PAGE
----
Only a small number of new drugs made available in recent years in Germany provides a benefit over existing drugs, New Scientist reports.
Researchers from the Institute for Quality and Efficiency in Health Care in Germany analyzed 216 drugs that entered the market there between 2011 and 2017, as they report in the BMJ. Of these, 152 were new molecular entities and 64 were drugs with a new indication, and nearly all were approved by the European Medicines Agency for use throughout Europe.
The researchers found that a quarter of those drugs had a "considerable or major added benefit" while 16 percent had a minor benefit or could not be analyzed. But 58 percent of the drugs did not provide an added benefit over the standard of care, they report.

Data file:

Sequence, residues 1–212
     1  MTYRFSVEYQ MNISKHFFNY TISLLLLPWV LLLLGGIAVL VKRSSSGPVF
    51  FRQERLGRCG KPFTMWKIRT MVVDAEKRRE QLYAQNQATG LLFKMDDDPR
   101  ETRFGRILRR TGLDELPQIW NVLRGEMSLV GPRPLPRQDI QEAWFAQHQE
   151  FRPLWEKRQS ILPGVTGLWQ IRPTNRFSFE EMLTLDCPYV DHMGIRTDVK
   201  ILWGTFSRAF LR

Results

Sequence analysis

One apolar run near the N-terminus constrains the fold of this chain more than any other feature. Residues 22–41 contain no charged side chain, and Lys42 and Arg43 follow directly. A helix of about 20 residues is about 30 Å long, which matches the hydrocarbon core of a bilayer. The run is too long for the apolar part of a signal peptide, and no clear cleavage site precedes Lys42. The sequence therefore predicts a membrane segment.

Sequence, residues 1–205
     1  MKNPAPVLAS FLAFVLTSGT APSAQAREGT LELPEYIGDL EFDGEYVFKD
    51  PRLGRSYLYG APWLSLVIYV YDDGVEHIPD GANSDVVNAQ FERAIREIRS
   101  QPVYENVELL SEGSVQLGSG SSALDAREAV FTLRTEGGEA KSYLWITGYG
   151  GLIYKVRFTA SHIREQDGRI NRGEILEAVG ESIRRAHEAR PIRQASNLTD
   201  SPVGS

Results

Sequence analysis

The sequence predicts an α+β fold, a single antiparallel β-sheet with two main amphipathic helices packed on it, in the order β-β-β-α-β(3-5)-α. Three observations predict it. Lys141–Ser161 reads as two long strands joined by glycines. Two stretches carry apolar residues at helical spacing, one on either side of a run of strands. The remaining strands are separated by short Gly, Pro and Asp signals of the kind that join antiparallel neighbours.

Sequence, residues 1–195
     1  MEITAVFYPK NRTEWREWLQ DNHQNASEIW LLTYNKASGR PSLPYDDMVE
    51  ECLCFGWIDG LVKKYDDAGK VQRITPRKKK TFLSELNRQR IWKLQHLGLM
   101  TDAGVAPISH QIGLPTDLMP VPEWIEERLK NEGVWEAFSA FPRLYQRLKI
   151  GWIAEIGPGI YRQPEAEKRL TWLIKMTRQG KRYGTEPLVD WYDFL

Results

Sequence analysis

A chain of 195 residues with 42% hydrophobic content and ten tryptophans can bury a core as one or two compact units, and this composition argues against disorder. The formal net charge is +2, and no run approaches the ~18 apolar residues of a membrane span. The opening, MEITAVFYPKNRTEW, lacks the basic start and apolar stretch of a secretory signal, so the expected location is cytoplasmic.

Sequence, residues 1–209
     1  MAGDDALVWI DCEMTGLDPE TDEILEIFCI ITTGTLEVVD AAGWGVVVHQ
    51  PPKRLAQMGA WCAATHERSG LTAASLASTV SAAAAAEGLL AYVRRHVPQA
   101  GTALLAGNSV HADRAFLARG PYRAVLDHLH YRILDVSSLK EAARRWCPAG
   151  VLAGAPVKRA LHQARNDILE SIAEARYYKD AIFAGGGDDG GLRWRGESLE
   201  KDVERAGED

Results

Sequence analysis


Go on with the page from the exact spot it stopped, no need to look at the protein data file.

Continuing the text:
Based on their findings, the researchers argue short drug development programs should be less acceptable and that regulators should insist on evidence from large, long-term phase III randomized controlled trials to show efficacy and safety.
"Unless we address this, we are afraid the problem will become larger and larger," first author Beate Wieseler from IQWiG tells New Scientist.